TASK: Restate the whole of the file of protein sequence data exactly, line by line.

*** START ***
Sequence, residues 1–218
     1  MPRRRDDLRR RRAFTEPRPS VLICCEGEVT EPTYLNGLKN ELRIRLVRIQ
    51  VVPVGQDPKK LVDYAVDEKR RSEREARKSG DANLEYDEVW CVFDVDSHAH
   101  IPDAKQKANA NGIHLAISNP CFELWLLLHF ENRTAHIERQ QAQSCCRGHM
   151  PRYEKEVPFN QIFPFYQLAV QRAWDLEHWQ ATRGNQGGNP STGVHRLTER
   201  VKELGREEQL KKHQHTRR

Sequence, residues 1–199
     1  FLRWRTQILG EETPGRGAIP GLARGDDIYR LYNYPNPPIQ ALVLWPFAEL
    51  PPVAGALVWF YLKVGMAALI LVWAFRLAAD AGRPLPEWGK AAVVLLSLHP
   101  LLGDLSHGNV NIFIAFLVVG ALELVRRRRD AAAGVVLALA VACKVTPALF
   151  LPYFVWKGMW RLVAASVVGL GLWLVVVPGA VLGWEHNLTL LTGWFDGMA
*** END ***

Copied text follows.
Sequence, residues 1–218
     1  MPRRRDDLRR RRAFTEPRPS VLICCEGEVT EPTYLNGLKN ELRIRLVRIQ
    51  VVPVGQDPKK LVDYAVDEKR RSEREARKSG DANLEYDEVW CVFDVDSHAH
   101  IPDAKQKANA NGIHLAISNP CFELWLLLHF ENRTAHIERQ QAQSCCRGHM
   151  PRYEKEVPFN QIFPFYQLAV QRAWDLEHWQ ATRGNQGGNP STGVHRLTER
   201  VKELGREEQL KKHQHTRR

Sequence, residues 1–199
     1  FLRWRTQILG EETPGRGAIP GLARGDDIYR LYNYPNPPIQ ALVLWPFAEL
    51  PPVAGALVWF YLKVGMAALI LVWAFRLAAD AGRPLPEWGK AAVVLLSLHP
   101  LLGDLSHGNV NIFIAFLVVG ALELVRRRRD AAAGVVLALA VACKVTPALF
   151  LPYFVWKGMW RLVAASVVGL GLWLVVVPGA VLGWEHNLTL LTGWFDGMA